Extended release meds should cover most of your all day, every day pain levels. Breakthrough meds should be used ONLY when there are severe spikes in pain, and only for as short a time period as possible to bring the pain spike back under control.
    You also should never take more of any prescribed medication without the approval of your PM doctor BEFORE taking any extra.
    The other issue is that you may have a difficult time in the hospital post op with pain control by you just taking extra meds when you feel like it .

  • Hi. I'd phone both your surgeon & your PM doc tomorrow & clarify who's going to prescribe for you. Explain that you've got concerns about tolerance & that you've been regularly taking your breakthrough for increased pain....the cause for surgery I assume, & still experience extreme pain. Be honest about how scared you are!
    A good attitude is important for pain management & particularly going into surgery which increases your risks for depression (or so I've read. Being laid-up makes me miserable anyway!). Take lessons learned, move on. You're going into surgery & getting your pain managed straight after & as the days/weeks progress is a big deal. It's important to move & follow post surgery instructions. I've known people on huge doses of narcotics who have had great post op pain control by ensuring ALL the people involved (hospital anethatists included) know truly what they're dealing with. Now is the time to be asking the questions & getting the answers clarified. Best of luck ;-)
    Osteoarthritis & DDD.
  • Hi everyone!
    Had surgery on Monday and my fears were only that, fears! I actually feel pretty good! You were right about contacting my pm doctor and expressing my fears and concerns to the surgeon. He gave me a higher dose of extended release OxyContin and I haven't had to use the oxycodone for spiked pain levels yet. My surgeon was a neurosurgeon who did the operation, and other than the pain from the incision, the extended release is doing it's job. I spoke to my pm doctor and told him what the doctor prescribed and he actually thanked me for letting him know, but my surgeon already called him and spoke to him about appropriate after surgery care. The pain in my leg has subsided (due to there being no more vertebrae bone pinching the sciatic nerve). The biggest issue I'm facing is that the MRI didn't show the extent of the damage. They left about 40% of the bone, mainly because I will need a fusion of my L4 to my L5 and they wanted to make sure I had enough bone material to fuse. Though I'm not looking forward to that, I have to say at this point, I'm so glad I went through with the surgery and the appropriate measures about my meds. I was in a crucial amount of pain before the surgery (which is why i was doubling up my instant relief pills. I haven't needed to take any of those yet and I'm hopeful to be off all meds by September.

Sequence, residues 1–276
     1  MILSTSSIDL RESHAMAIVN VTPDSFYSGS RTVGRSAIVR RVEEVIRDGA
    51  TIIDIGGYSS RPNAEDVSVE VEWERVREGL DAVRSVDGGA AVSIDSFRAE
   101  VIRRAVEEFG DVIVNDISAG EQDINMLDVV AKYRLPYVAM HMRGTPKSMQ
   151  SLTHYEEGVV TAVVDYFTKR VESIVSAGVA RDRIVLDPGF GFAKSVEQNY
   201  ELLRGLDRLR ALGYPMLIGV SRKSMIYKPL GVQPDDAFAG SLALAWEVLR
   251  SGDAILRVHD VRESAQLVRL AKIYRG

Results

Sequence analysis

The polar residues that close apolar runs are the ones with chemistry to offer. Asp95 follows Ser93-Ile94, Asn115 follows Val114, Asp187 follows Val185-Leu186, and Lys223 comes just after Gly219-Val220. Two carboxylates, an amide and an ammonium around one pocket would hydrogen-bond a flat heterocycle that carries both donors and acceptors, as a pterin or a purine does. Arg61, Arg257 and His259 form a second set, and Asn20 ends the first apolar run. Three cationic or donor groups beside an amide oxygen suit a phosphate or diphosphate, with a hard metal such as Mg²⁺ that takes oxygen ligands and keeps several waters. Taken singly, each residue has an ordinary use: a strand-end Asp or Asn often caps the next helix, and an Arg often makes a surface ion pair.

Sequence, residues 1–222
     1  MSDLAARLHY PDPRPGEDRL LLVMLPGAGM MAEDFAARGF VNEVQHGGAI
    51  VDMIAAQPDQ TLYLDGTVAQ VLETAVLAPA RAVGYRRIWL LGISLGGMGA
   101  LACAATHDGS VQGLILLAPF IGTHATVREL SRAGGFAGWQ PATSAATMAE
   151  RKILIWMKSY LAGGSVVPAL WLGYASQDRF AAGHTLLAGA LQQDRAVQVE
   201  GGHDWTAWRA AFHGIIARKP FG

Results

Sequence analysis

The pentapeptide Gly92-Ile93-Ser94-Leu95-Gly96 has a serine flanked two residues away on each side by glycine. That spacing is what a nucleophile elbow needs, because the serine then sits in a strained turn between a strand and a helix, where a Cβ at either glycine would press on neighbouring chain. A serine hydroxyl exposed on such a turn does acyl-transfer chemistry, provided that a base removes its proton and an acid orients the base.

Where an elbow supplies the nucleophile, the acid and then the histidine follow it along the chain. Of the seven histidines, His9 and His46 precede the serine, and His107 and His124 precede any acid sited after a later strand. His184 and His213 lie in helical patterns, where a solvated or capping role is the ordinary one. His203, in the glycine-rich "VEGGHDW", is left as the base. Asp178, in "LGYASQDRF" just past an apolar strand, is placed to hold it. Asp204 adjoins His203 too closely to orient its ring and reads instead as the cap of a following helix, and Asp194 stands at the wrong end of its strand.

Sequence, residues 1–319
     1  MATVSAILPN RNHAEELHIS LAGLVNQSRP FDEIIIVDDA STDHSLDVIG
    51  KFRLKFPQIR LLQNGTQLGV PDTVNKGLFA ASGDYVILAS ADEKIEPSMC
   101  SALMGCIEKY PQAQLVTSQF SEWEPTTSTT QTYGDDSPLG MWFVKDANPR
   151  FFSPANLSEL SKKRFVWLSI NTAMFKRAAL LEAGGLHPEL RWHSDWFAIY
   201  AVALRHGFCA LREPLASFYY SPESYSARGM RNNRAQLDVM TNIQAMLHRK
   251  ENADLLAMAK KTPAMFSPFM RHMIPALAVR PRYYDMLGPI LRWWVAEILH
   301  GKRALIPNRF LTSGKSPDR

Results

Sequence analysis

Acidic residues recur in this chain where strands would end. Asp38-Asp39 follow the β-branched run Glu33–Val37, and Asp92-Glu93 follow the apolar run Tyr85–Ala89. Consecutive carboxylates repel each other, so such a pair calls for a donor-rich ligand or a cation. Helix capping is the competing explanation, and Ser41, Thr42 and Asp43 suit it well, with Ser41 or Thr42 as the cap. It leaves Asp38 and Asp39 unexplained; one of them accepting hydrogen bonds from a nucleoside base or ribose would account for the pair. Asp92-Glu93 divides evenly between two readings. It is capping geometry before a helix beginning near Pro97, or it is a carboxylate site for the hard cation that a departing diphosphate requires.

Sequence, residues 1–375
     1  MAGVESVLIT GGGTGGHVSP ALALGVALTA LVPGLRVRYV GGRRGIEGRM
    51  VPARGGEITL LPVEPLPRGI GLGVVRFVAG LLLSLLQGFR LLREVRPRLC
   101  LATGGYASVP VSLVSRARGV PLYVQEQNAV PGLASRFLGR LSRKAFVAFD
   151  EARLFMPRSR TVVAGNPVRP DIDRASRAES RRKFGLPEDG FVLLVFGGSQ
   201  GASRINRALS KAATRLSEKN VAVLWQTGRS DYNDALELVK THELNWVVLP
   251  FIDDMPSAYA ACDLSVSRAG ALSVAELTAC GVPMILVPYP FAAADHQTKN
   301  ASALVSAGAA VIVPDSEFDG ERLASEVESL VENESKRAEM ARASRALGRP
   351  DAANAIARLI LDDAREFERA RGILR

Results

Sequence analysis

• Hac711HHac711 Posts: 6
    edited 06/24/2015 - 9:28 AM